What are the implications of the fact that the most important positions in science policy are held by credentialed and experienced researchers? We propose that appointing scientists to high-level responsibilities in R&D systems have some side effects for both policy making and for the organizational arrangements in S&T organizations that rely on public funding. Stratification mechanisms in the governance of science create a kind of hybrid career between research and science policy. People needed for managing public bodies and research organizations are researchers with expertise in the special arrangements of science. At the same time, distinguished scientists are seen as legitimated actors to manage and allocate resources in research systems. As a result, it is common to find scientists in charge of S&T related public bodies such as ministries, governmental committees and evaluation and funding agencies. Most of administration and managerial duties in universities and public research centres are also occupied by scientists. This paper addresses the issue of hybrid careers from the point of view of the implications they have for decision making processes in science policy. We use 65 professional life stories of researchers that have held administration, management and political positions in the Spanish R&D system between 1975 and 2008. We analyse their career paths and decision-making experiences, taking into account the historical context and the entities where they have been in charge. We focus on two facets that can be considered as side effects of the governance of science. First, we study to what extent scientists bring values and ideas from their research sites and specialties to policy making. Effects observed are related to organizational arrangements and policy tools implemented by the state to support and orient scientific activities. Second, we study the problem of tacit knowledge in S&T policy. Effects of rotation of scientist in high-level positions are identified in terms of the implications for organizational learning in this domain. The conclusions discuss the balance between the self government of science as a guarantee for its independence from politics and the requirements for developing effective and accumulative policies.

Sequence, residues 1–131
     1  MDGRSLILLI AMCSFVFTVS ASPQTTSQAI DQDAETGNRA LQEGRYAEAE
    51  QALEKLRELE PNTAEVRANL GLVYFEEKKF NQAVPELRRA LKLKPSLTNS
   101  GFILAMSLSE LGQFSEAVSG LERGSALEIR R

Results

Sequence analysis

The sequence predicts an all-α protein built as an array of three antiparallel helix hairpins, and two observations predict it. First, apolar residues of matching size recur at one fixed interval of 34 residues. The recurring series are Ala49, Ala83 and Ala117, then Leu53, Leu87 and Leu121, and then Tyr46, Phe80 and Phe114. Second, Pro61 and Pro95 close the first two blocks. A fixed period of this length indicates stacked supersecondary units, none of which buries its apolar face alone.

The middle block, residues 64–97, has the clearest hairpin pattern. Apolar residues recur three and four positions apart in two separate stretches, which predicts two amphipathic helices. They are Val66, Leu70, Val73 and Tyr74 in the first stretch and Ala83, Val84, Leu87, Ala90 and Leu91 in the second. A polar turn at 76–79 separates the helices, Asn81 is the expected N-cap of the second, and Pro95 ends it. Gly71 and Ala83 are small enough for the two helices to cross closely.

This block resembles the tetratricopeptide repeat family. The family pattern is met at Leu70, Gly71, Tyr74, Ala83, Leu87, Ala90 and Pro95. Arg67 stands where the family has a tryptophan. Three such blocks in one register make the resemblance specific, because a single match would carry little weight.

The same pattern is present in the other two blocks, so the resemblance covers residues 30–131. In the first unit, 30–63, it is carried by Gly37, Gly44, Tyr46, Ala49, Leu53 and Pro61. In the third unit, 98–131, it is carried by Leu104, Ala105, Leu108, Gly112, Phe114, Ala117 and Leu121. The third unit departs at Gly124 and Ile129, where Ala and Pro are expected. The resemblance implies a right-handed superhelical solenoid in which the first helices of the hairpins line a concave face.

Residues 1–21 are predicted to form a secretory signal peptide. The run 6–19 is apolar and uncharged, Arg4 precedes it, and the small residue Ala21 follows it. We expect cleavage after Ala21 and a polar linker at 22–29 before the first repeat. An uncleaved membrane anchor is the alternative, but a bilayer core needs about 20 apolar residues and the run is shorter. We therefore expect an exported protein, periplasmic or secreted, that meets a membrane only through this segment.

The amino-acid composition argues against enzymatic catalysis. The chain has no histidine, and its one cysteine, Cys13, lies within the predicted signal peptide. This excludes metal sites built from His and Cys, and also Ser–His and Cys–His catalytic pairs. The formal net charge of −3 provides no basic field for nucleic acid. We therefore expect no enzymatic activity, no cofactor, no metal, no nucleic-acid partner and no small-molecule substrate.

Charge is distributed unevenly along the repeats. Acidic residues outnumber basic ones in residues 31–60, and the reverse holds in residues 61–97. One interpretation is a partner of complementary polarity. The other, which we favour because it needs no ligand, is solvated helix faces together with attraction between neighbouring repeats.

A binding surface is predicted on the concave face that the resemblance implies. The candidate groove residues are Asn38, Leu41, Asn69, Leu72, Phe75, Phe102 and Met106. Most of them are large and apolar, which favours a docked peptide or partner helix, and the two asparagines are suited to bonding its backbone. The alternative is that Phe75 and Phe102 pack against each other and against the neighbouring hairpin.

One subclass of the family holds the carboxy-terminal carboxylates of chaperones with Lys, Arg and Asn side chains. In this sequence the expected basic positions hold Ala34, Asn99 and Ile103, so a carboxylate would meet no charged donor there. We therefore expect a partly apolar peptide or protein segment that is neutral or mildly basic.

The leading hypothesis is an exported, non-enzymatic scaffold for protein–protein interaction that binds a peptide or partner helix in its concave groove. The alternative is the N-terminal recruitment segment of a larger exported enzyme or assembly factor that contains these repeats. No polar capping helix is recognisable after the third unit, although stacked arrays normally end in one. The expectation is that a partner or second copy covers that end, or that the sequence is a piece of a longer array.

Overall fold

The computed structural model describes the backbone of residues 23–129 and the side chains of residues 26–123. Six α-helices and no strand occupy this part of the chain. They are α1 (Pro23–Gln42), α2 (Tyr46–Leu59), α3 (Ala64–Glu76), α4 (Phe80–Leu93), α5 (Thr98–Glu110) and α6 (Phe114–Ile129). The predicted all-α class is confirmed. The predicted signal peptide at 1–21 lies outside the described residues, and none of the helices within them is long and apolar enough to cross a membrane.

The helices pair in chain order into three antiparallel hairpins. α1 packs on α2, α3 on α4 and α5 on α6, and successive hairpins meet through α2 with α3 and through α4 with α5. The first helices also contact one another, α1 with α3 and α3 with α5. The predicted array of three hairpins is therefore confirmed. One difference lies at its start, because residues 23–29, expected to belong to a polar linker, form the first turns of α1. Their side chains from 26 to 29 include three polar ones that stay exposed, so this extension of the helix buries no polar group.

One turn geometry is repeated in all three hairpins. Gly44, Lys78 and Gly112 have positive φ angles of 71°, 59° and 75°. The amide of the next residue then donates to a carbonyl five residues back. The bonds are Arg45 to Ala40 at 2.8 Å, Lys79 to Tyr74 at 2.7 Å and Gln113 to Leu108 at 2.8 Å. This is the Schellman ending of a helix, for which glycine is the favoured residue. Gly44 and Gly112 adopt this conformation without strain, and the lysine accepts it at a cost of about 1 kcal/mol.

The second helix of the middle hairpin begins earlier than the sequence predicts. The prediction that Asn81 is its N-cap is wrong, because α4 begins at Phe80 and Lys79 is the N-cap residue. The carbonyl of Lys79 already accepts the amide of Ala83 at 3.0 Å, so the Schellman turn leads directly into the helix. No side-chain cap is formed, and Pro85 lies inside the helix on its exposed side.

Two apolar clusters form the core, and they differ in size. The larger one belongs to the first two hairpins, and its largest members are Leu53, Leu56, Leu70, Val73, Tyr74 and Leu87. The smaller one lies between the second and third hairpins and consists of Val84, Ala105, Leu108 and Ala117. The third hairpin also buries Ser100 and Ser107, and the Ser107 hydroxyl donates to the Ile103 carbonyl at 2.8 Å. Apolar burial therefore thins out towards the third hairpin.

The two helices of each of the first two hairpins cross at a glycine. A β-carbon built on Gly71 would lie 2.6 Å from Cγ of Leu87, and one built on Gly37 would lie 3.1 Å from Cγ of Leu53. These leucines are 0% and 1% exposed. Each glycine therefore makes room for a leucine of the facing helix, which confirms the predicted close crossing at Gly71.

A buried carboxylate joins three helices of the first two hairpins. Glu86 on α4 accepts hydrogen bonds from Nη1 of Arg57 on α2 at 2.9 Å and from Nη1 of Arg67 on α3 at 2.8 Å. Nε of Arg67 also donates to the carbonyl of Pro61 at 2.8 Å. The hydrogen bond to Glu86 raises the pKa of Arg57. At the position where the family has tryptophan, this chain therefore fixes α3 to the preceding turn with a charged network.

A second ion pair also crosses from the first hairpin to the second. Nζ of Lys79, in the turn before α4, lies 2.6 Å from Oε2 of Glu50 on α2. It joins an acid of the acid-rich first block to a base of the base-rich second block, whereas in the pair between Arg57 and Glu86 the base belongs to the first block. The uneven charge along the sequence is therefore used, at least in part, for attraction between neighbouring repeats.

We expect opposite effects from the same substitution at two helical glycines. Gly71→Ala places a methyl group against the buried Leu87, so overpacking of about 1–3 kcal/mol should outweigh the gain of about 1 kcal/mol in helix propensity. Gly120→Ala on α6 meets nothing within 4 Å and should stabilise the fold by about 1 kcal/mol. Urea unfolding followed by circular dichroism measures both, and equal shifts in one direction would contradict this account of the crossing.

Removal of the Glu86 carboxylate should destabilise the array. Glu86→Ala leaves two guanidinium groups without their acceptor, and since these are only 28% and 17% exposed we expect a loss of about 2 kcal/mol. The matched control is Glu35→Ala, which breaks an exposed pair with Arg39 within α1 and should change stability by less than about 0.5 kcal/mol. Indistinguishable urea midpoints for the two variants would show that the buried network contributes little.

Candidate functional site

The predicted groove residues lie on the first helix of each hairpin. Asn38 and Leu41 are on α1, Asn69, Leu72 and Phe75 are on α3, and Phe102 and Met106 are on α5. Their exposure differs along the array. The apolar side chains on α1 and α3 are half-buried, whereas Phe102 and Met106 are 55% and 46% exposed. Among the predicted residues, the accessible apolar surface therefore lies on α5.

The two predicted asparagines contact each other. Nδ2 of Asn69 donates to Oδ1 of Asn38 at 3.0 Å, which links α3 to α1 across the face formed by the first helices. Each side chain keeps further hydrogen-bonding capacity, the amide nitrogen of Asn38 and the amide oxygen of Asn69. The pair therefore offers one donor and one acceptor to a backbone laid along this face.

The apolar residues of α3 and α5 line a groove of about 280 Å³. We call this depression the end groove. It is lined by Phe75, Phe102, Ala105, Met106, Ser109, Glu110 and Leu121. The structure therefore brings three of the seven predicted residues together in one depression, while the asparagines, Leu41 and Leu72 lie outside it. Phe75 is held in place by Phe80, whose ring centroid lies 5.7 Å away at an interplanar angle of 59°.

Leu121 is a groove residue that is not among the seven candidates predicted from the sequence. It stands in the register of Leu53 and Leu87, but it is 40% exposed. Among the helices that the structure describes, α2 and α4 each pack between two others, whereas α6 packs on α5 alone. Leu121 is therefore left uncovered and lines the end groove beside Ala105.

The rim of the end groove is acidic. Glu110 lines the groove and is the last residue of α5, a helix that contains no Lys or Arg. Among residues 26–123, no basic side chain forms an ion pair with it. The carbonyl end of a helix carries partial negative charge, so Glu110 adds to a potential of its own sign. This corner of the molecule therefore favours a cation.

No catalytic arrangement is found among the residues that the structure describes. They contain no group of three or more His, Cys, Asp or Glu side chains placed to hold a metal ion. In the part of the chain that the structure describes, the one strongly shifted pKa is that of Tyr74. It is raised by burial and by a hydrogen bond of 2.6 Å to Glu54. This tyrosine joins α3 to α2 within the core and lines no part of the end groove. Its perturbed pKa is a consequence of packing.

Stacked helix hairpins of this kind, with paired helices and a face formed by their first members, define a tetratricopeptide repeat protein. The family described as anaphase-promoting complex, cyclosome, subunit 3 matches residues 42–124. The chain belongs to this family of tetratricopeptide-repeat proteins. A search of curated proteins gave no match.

- science policy,
Available at: http://works.bepress.com/manuel_fernandez_esquinas/19/